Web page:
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Cyprus Mail: News Articles in English, 00-02-25

Cyprus Mail: News Articles in English Directory - Previous Article - Next Article

From: The Cyprus Mail at <>

Friday, February 25, 2000


  • [01] Government calm amid reports of British 'spying'
  • [02] Government saves Meridien from threat of closure
  • [03] Cabinet approves golf course for Ayia Napa
  • [04] Cyprus airways probes expense scam allegation
  • [05] Tourist tax will take three months to flow into CTO coffers
  • [06] Clerides delivers strong message of support for shipping
  • [07] Market edges down on record low trade
  • [08] Four more refugees lodge cases against Turkey
  • [09] Horse exhumed after doubts cast on poisoning theory

  • [01] Government calm amid reports of British 'spying'

    By Martin Hellicar

    THE GOVERNMENT did its best to keep things in perspective, but reports of British "spying" activity on the island yesterday threatened to take on a life of their own.

    The reports were sparked by debate of the Echelon monitoring network at the European parliament's civil liberties committee on Wednesday. A report tabled before the committee by British physicist Duncan Campbell suggested the British-American satellite monitoring system was used to intercept fax, telephone and radio exchanges across the globe.

    The report apparently notes that one of Echelon's 10 ground monitoring stations is located within the British Bases on Cyprus. This led local newspapers and radio and television stations to conclude that the British were spying against Cyprus.

    Armed with these claims - and well-aware of public sensitivity to spying issues - local journalists yesterday set out to get comment on the matter from any official available.

    Government spokesman Michalis Papapetrou seemed to suggest it was self- evident that monitoring was part of the function of the British bases.

    AThe British have military bases, as we all know, and these bases are not schools or colleges," he told his morning briefing.

    "Everyone knows the British have radars (on Cyprus); what they do, we cannot say," he added.

    But the spokesman stated the government had no official information on the issue and was not about to draw conclusions solely on the basis of reports.

    "We've seen the reports and are investigating the issue. Once the facts have been determined, we will decide about what the government will do, whether it will act, and how."

    Justice Minister Nicos Koshis said he knew nothing about the issue except what he had read in the papers.

    Defence Minister Socratis Hasikos said the state had no evidence of British spying against Cyprus.

    "We cannot say for sure whether there are (British) spying stations or not. If they are indeed spying on our interests, it is a very big issue. But because there is nothing before us to say there is spying, all we can do is ask for explanations from the British," Hasikos said.

    The chairman of the House defence committee, Takis Hadjidemetriou, was not nearly as cautious as the government in his response.

    He said it was "well-known" that the British were spying on Cyprus.

    "Various services, and the bases in particular, are spying against our country," Hadjidemetriou said.

    Greek Euro-MP Alecos Alavanos - a member of the European parliament committee examining the Echelon issue - fanned the flames further yesterday.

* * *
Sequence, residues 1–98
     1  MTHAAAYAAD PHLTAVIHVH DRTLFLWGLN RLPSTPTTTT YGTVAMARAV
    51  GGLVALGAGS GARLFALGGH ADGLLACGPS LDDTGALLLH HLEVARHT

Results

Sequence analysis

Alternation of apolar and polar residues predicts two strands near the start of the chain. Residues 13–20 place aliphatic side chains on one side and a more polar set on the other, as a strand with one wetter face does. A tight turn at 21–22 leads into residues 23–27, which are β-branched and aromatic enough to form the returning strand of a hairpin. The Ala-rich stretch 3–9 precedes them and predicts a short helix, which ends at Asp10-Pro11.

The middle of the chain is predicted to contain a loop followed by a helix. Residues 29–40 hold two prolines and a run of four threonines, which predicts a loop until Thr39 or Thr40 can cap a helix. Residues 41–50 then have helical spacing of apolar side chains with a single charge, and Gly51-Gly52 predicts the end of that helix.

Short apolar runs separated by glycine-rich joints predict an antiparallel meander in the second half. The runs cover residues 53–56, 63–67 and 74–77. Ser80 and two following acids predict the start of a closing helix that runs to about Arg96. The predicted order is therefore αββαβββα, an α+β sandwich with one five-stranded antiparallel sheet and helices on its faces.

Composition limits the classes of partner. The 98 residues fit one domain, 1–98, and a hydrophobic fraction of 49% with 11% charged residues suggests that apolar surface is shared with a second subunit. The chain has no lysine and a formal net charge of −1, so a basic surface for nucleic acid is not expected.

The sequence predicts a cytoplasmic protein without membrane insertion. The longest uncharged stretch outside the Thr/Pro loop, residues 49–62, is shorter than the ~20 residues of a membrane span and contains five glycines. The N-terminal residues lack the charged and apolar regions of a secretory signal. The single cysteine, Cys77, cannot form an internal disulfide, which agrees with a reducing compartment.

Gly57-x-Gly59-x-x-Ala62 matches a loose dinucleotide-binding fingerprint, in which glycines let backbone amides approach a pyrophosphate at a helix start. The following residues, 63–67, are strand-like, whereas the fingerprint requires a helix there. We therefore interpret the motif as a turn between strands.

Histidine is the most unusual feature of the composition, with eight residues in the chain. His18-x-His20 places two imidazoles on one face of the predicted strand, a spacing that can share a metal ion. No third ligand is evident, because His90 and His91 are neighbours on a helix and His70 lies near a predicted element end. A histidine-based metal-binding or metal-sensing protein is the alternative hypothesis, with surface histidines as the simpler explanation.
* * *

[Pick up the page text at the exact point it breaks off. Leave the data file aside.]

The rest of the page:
Alavanos said the government should urgently seek explanations on the Echelon issue from London.

    The MEP said the monitoring system threatened the "health and safety" of local residents. He admitted he did not know where exactly the echelon ground station in Cyprus was.

    British Sovereign Base (SBA) authorities declined to comment on the essence of the issue yesterday.

    "Britain has long-established worldwide communications networks and the facilities in Cyprus have always been an important link in the worldwide communications organisations," a brief bases statement read.

    "The SBA cannot comment on specific aspects of this worldwide communications network."

    Friday, February 25, 2000

    [02] Government saves Meridien from threat of closure

    By Martin Hellicar

    FACED with the threat of temporary closure of a top hotel, the government yesterday decided retroactively to grant planning permission for an extension to Limassol's Le Meridien.

    Work on Le Meridien's new wing began three months ago, on November 21, even though the necessary planning permission had not been granted.

    Construction was halted earlier this week, at the request of the Limassol District Office.

    But things took a turn for the better for the five-star hotel yesterday.

    When the Cyprus Mail spoke to Le Meridien's manager John Wood yesterday morning, he seemed a worried man.

    He said the hotel would be forced to close its doors and cancel all its bookings for the coming summer season unless a belated permit was granted, and fast.

    "If they do not give us the permit in the next day or so, we will be forced to stop work (on the extension) completely, simply because we cannot carry on with building into the summer season," Wood said.

    "If that's the case, we will be forced into the unfortunate situation of closing the hotel down completely. There's no point in bringing people in to look at a building site," the hotel manager said, pointing out that the new wing was going up between the existing hotel rooms and the sea.

    Wood defended the hotel's decision to begin construction of the extension before a permit had been granted, telling the Mail that "verbal permission" had been given by the relevant authorities.

    Le Meridien would be forced to pay hefty compensation to the building contractors if work had to be suspended long-term, Wood said.

    But he was hopeful that a belated permit would be granted.

    "The District Office has reassured us we will have all the licences," he said.

    Apart from the possibility of Le Meridien being out of action this summer, the government also faced the threat of industrial action by hotel employees.

    The unions representing Le Meridien workers, Sek and Peo, held an emergency meeting to discuss the situation yesterday morning.

    "The unions are exerting a lot of pressure as well," Wood said. "They - quite rightly - do not want people to loose their jobs," he added.

    A couple of hours later, a relieved Wood contacted the Mail again.

    "We're back in business!" he announced.

    Interior Minister Christodoulos Christodoulou had granted permission for the new wing.